When we serve with this attitude we show that we ARE in relationship with Jesus—that He is rubbing off on us because as Jesus said, “The Son of Man did not come to be served but to serve and give His life as a ransom for many.” (Matthew 20:28)

So—to review—according to our template for discipleship—authentic Christ followers: spend time with Jesus...they are content with whatever task Jesus gives them and then we see one more aspect of discipleship in this text:

(3) Growing Christ-followers have a constant DESIRE to tell others about Jesus.

We see this in the fact that the first thing both Andrew and John did after they met Jesus was to find their brothers and tell them all about Him. Philip’s first action was the same. After meeting Jesus he immediately went to his friend Nathaniel and invited him to come and see Jesus. This shows that a genuine encounter with the Christ will produce in us a yearning to tell others...and the better we know Him, the deeper this yearning will be. We’ll realize that the story of Jesus is good news that people need to hear! My first semester of seminary I was single—Sue wasn’t in the picture yet. I had a friend named Roger Lee who was also single and we spent a lot of time commiserating over the fact that we were enrolled in a school where single women were rare indeed. Well, I went home for Christmas that year and met Sue and fell head over heels in love...and when I got back on campus the first thing I did was find Roger and tell him all about her. She was—and still is—so wonderful that I just had this deep desire to tell Roger—and everyone who would listen—all about this person I had met. Well, this is similar to what happens when we meet Jesus. That meeting...ignites a desire in us to tell others about Him. It’s like the woman at the well. Once she met Jesus, this woman who had spent years AVOIDING people ran to everyone in town saying, “Come, see a man Who told me everything I ever did. Could this be the Christ?!” (John 4:29)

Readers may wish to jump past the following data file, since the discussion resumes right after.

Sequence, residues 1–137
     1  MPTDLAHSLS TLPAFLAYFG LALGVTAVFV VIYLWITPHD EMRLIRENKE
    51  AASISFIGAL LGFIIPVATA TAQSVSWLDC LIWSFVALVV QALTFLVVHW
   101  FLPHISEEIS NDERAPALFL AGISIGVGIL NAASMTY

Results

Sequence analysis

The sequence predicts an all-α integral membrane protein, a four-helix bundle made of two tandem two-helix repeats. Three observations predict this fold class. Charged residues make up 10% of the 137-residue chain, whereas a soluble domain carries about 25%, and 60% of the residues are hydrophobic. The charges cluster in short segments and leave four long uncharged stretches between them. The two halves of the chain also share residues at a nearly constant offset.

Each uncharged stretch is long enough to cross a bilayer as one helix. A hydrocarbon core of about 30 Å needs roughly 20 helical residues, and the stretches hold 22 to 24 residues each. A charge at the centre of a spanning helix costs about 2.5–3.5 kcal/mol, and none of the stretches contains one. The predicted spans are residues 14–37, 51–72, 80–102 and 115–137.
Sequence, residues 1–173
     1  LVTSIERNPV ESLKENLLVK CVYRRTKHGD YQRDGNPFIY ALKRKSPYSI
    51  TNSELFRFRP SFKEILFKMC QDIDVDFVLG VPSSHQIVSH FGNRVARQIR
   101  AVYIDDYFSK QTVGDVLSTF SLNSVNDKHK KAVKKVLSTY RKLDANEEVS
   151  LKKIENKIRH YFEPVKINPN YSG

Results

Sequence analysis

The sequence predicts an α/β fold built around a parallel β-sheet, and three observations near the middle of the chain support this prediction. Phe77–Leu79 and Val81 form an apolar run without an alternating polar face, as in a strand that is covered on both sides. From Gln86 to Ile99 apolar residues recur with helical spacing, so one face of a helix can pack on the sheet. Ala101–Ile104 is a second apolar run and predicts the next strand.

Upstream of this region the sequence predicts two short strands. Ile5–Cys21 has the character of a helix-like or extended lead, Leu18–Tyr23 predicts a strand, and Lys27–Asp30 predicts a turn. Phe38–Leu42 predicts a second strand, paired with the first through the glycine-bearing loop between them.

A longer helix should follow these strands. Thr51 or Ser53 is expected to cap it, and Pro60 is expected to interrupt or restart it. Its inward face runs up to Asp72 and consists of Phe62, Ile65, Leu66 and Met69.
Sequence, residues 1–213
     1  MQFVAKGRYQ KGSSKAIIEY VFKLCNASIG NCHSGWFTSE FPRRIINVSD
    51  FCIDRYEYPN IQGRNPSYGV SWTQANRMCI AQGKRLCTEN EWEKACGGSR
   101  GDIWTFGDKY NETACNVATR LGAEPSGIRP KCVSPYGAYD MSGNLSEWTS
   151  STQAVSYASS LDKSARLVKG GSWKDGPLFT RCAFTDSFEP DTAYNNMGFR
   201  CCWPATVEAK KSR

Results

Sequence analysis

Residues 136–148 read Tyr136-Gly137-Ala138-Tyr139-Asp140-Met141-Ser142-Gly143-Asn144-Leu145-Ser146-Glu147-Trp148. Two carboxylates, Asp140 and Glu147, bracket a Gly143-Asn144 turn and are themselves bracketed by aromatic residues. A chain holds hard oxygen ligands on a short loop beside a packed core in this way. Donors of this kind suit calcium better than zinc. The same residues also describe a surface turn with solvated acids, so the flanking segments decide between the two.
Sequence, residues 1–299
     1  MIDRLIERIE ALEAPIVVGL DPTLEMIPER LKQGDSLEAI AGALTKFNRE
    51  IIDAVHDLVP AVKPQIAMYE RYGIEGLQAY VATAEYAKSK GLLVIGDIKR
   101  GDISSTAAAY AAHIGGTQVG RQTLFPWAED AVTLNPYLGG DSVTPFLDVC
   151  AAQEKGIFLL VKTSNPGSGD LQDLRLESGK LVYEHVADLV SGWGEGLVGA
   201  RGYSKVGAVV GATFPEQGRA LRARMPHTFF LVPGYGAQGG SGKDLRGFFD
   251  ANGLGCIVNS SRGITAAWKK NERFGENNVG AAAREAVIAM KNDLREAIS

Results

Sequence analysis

Well, let me just stop and ask, “Do you remember having this desire to tell others about Jesus? Do you still have that excitement—that desire—or like so many Christ-followers have you suppressed that urge such that you no longer feel compelled to share your faith?”

The late Bill Bright, founder of Campus Crusade for Christ once said, “Millions of surveys which we have helped to take around the world indicate that approximately 98% of the Christians do not regularly introduce others to the Savior.” In other words, they’ve stopped following this “discipleship template!” One way we tend to rationalize away this desire is by telling ourselves that the best way to tell others about Jesus is through big revival campaigns—like those done by people like Billy Graham. We look at the thousands who come down the aisles at crusades like that and think our individual sharing is pointless.